I have what I deem to be a problem. It is not over-eating, nor gambling. I don’t buy too many clothes for myself, or even collectibles for my home. I can’t stop buying cookbooks. My husband says that it’s perfectly fine– it’s all in the name of research. (Some would call him an enabler, I prefer to think of him as generous and understanding.) The cookbook acquisition has gotten to such a magnitude, that I can hardly keep up. There are always new (to me) books to peruse, forgotten relics waiting to be rediscovered, as well as brand-spanking-new cookbooks with glossy pictures and pages unmarred by sauces and food stains. But it is really those vintage cookbooks, written by mostly unknown authors, with dingy photographs, or no pictures at all, that get my stomach churning and my mind reeling.

Each year when we go to Los Angeles to visit family, I make a special trip to Pasadena to Cookbooks by Janet Jarvits. A small shop with a varied collection, this is the best vintage cookbook store I have ever found. Unassuming, incredibly knowledgeable yet non-threatening Ms. Jarvits, whether she knows it or not has helped me immensely with my two cookbooks, and endlessly fuels my curiosities. If buying cookbooks is my drug, she is one of my pushers.

I had the opportunity to stop by the store in February. When it was laughably cold in New England, her little shop was sunny and bright. I picked up a handful of books that day, and now, all these months later, I’m just getting around to spending some time with them. One book I selected is As American as Apple Pie. It’s a wonderful collection of recipes and variations of classic American recipes. Think of it as greatest hits album for the kitchen.

RyeBiscuitsBookIn the chapter covering biscuits I found a recipe for Campton Place, a hotel in San Francisco’s, Caraway-Rye Biscuits. The recipe sounded delicious– a basic buttermilk biscuit, enriched with rye flour and embellished with caraway seeds. I mixed up a batch over the weekend, and they did not disappoint!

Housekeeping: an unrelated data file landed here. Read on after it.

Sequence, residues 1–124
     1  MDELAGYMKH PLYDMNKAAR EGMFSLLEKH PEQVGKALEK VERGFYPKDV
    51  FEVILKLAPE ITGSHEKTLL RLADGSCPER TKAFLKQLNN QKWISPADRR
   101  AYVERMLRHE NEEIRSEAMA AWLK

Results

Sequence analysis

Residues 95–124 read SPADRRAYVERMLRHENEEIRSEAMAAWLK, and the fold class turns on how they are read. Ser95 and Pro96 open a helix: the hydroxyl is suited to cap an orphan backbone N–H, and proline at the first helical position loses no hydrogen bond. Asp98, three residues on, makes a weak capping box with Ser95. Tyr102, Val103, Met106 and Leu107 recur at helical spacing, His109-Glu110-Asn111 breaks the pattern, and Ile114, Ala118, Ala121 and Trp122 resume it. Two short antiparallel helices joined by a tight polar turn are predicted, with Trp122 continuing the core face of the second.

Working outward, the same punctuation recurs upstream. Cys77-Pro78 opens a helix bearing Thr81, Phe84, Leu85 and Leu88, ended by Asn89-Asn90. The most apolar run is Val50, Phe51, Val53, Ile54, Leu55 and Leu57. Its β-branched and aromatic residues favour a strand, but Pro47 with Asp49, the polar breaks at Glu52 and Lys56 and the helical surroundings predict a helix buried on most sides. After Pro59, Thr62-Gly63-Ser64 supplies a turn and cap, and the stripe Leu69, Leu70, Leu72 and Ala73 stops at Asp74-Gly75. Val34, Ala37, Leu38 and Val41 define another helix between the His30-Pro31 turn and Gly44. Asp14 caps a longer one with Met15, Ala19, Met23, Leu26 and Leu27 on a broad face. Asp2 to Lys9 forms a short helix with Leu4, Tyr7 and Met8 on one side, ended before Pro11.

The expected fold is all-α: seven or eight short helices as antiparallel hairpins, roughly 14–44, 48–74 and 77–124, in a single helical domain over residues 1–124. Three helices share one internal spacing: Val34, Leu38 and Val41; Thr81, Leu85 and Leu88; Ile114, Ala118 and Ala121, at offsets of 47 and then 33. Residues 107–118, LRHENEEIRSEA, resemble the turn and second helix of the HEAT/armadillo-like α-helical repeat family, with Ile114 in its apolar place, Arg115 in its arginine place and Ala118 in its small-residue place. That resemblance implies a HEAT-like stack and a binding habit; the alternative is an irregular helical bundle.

RyeBiscuits1Although this cookbook is 25 years old, with the addition of whole rye flour (I used the dark variety), the recipe tasted new– rich and sustaining. The caraway offered a bite in the texture and a licorice perfume, and the biscuits were like any good biscuit should be– flaky and buttery. I am nothing if not a lazy cook, so I didn’t bother to cut them out in a proper biscuit shape. I simply patted out the dough, and cut it into squares. No scraps left over! These biscuits were delicious straight from the oven and slathered with jam, but they were still very good the next day as well, revived in the oven for a few moments.

RyeBiscuits2 Campton Place Campton Places’s Caraway-Rye Biscuits
adapted slightly from As American as Apple Pie

I altered the original recipe by adding a bit more salt, and less caraway– I find this spice can be too aggressive. I also found that this recipe needed a a bit more buttermilk. Start with 1/2 cup, and see how the dough comes together. You can always add a few tablespoons more if it appears dry.

Makes 8-10 biscuits

1 1/2 cups all-purpose flour (7 1/2 ounces)
1/2 cup rye flour (2 1/2 ounces)
2 teaspoons baking powder
1/2 teaspoon baking soda
3/4 teaspoon kosher salt
1 1/2 teaspoons caraway seeds
1 stick (8 tablespoons) unsalted butter, chilled, and cubed
1/2-3/4 cup buttermilk

Preheat the oven to 450 degrees.

Whisk the flours, baking powder and soda, and the salt together. Toss in the caraway seeds. Toss the butter cubes to coat in the flour, and then work them into the flour mixture to create coarse crumbs. Stir in 1/2 cup of buttermilk. Dough should still be relatively dry, yet come together, this may require a few additional tablespoons of buttermilk.

Empty the dough out onto a lightly floured work surface. Pat the dough into a rectangle, about 3/4 inch thick. Cut the biscuits into squares, and place on a baking sheet. Bake for 12-16 minutes.

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